Why You Can’t Seem to Save Money (or Lose Weight)

Why You Can’t Seem to Save Money (or Lose Weight)

You see a video on the internet which inspires you to start your own fitness regime. You chalk down a diet chart strategically planning your meals for the day and enthusiastically follow it to the T for the rest of the week. Then comes the weekend and you get invited to a party and all your resolve goes out the window at the sight of pizza.

Now consider this second scenario.

You plan to go on a vacation, so you decide to save money to fund your trip. But after a few months of diligently saving money, you end up splurging your cash on a brand new I-Phone. What do these two scenarios have in common? The answer is Ego-depletion.

What is Ego-depletion?

Ego-depletion is a term coined by psychologists Roy Baumeister and Dianne Tice, a married couple at the Case Western Reserve University. The idea behind this is that our will to do something depletes if we continuously go against our wishes. The experiment conducted by Dr. Baumeister had two groups of people who were deprived of food for a few hours. Later they were introduced to a room which had freshly baked cookies and a bowl of radish on the table. One group of volunteers were allowed to eat from the cookie plate while the other group was restricted only to the bowl of radish.

Later, all the volunteers were given an (unsolvable)puzzle to solve to see how long it took for each individual to give up. The individuals from the group that snacked only on radish gave up much faster than the ones who were allowed to indulge in cookies.

Dr. Baumeister called this effect ego-depletion.

Say you didn’t want to go to the office on a particular day but you went anyway and spent the rest of the day trying to hold yourself from bursting out on your employees. When you return home from your office you find that you just want to skip the gym that day or you end up shouting at your dog when you know you shouldn’t. this is because of the fact that every time you refrain yourself from doing something that you want to do but shouldn’t, your reserve of willpower depletes, which means you have less willpower for other things such as saving money or going to the gym.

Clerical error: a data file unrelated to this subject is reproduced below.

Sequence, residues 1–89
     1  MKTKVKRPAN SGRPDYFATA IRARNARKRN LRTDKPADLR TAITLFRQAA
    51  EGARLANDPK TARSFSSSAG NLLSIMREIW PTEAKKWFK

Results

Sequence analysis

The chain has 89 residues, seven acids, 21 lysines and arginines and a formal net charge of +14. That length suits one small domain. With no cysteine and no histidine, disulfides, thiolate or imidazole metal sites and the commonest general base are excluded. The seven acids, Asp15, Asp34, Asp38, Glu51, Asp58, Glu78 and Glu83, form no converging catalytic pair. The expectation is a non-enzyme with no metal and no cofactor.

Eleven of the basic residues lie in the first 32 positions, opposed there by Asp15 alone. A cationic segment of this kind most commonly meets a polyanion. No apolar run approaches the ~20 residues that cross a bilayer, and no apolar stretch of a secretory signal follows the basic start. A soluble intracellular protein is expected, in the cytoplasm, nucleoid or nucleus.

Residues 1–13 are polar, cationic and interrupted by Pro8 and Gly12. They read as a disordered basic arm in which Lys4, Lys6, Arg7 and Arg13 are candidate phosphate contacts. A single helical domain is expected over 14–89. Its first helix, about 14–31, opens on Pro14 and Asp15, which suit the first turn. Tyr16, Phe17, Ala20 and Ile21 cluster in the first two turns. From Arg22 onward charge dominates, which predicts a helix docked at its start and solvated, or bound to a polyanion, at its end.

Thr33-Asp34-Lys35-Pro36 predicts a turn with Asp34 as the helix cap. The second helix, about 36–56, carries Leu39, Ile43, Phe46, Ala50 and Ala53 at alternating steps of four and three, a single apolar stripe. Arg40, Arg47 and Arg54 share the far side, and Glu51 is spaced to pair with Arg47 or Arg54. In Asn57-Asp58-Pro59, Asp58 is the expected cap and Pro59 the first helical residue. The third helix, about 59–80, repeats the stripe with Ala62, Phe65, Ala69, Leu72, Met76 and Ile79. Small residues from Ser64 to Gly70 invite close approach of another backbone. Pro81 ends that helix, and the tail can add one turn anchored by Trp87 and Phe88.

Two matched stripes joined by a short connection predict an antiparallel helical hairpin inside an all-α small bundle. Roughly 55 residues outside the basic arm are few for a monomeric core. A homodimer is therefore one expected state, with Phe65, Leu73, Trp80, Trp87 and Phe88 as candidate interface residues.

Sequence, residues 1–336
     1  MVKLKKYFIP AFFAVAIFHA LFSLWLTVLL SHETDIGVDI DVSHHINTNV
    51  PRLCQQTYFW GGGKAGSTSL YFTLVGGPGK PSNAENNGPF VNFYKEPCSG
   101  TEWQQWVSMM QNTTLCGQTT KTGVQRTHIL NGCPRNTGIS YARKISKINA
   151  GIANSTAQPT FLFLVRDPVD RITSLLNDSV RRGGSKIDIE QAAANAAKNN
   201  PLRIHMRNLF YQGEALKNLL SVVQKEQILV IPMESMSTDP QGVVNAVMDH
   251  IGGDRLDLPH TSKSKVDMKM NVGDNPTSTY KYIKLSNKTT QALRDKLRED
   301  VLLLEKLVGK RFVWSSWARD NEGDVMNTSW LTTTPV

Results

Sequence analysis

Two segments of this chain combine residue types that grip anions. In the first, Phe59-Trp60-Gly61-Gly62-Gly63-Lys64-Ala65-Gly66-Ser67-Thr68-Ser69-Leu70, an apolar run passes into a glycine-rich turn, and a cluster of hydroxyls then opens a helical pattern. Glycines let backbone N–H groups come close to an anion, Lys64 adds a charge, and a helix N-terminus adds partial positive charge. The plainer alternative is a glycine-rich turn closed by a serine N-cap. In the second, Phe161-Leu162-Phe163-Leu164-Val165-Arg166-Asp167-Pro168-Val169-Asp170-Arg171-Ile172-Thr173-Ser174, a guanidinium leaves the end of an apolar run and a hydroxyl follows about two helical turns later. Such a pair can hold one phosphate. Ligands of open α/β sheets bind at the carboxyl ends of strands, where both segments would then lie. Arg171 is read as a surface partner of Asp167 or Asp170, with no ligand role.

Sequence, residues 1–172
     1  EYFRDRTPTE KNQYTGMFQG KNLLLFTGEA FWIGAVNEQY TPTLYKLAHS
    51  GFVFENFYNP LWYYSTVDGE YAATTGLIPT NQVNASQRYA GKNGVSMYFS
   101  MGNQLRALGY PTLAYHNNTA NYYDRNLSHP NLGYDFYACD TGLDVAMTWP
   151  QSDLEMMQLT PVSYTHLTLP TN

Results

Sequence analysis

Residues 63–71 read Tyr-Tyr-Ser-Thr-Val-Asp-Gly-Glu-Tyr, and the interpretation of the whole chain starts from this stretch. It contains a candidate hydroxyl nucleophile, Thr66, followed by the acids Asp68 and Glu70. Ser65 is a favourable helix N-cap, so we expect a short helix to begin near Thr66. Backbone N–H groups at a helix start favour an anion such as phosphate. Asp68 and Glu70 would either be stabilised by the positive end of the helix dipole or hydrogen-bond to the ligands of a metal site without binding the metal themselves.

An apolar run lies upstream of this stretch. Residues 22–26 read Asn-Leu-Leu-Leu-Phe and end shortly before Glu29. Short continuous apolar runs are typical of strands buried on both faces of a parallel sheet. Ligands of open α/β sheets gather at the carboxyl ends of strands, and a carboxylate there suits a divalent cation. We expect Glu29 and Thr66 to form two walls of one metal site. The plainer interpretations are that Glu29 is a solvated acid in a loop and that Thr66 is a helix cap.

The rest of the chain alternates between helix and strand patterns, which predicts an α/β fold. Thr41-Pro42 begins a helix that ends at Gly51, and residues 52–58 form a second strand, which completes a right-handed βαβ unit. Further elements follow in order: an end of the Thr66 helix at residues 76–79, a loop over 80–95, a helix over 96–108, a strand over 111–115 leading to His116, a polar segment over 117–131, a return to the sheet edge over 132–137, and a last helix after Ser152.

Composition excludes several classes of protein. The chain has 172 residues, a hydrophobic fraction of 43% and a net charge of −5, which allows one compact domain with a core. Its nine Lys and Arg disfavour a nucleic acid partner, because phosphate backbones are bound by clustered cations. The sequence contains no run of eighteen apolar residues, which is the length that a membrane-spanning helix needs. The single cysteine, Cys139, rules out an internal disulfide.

The worst part is that our mind does not differentiate between the tasks at hand when it comes to exerting our will. That means, deciding to refrain from smoking the morning cigarette will exert the same amount of willpower as deciding to save 15% of your monthly payment.

This being said, you might still feel that some tasks like saving money or going on a diet seem harder than others. The reason being:

Not Every Task Reward Previous Exertions of Willpower Exerting our willpower on exercising is more effective than dieting or saving money. The following example will better explain the relationship between exercising, dieting and saving money.

Let’s say you start training for a marathon and decide to go running every morning. The moment you exert your will-power to start running, your body will start burning fat, calories and building muscle.

Every time you exert your willpower to resist the temptation to give up, your resolve grows stronger. If after a few weeks, a day comes when you are completely depleted and decide to skip training, you still benefit from all the work that you have done up to that point i.e. you still benefit from all the weight that you lost and the muscle that you built.